Having selected the objects, I then had to consider how I would begin to document and study them.
I started by photographing the pieces, front and back overall and the focusing in on each individual pattern – my aim was to get as much detail as possible so that I could carry on back in the studio. Photography allowed me to gather a lots of information quickly and catalogue the patterns systematically. However, I did encounter two problems. Firstly, the quality of the close up photos isn’t particularly good – I didn’t have a macro lens and I was attempting to photograph with the camera in my hand, leading to a lot of fuzzy and blurry photos. This is a problem that should be simple enough to fix, I have been offered the use of a DinoLite digital microscope on my next visit and I can request photos be taken by the V&A (though this will take time). Having said that, the photos I have managed to take should give me enough detail to work with for now.
The second problem is a little more personal – I don’t feel photography engenders ‘close’ looking – perhaps this is something that will fade once I look back on the photos and start studying from them but I felt a certain ‘distance’ from the objects when looking at them through a lens.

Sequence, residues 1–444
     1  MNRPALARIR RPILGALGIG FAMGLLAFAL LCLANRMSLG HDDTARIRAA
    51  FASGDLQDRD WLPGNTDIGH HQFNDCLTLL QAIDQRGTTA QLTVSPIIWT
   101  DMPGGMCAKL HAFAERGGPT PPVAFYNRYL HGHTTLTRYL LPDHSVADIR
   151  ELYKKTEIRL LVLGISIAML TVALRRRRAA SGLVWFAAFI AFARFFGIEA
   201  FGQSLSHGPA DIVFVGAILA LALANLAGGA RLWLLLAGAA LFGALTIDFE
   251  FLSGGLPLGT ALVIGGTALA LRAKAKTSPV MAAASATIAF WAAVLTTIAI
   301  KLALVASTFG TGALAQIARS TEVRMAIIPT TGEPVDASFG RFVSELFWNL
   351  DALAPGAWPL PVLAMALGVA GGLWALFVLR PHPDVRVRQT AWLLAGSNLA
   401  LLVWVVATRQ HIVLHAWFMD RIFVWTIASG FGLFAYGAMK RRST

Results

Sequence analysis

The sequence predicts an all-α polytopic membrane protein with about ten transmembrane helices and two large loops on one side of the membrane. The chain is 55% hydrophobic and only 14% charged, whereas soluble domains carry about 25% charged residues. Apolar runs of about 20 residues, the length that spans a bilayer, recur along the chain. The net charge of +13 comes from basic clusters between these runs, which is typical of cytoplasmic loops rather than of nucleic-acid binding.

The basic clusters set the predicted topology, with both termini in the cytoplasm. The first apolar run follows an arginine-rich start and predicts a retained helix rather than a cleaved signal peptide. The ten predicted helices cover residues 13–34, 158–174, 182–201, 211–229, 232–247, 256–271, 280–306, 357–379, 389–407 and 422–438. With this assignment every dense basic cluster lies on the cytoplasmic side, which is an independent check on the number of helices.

My next approach was to try and draw the objects – or more specifically particular patterns. I decided to document the pattern as I would if I were working it out for my own embroidery, using grid/dot paper.
I began by drawing the pattern ‘thread count’ scale – each dot representing a gap in the weave – this is a useful way to get the scale of the pattern (in the case of the first pattern on the sampler the pattern is worked in threes).
The second drawing was scaled down to one to get a sense of the pattern repeat.
I noticed during the making of the first two drawings (are these drawings or diagrams?) that the sampler pattern had a mistake – so I decided to draw the full pattern out as it had been stitched.
In the process of making this drawing I realised I could also include information about how the stitches are layered – and so begin to track the stitch path.
I also realised I could apply the same method to the reverse of the pattern and in doing so create a double-layered ‘map’ of the stitch path. (Now I am back in the studio I want to copy these onto tracing paper so it’s easier to see both ‘maps’ at the same time.)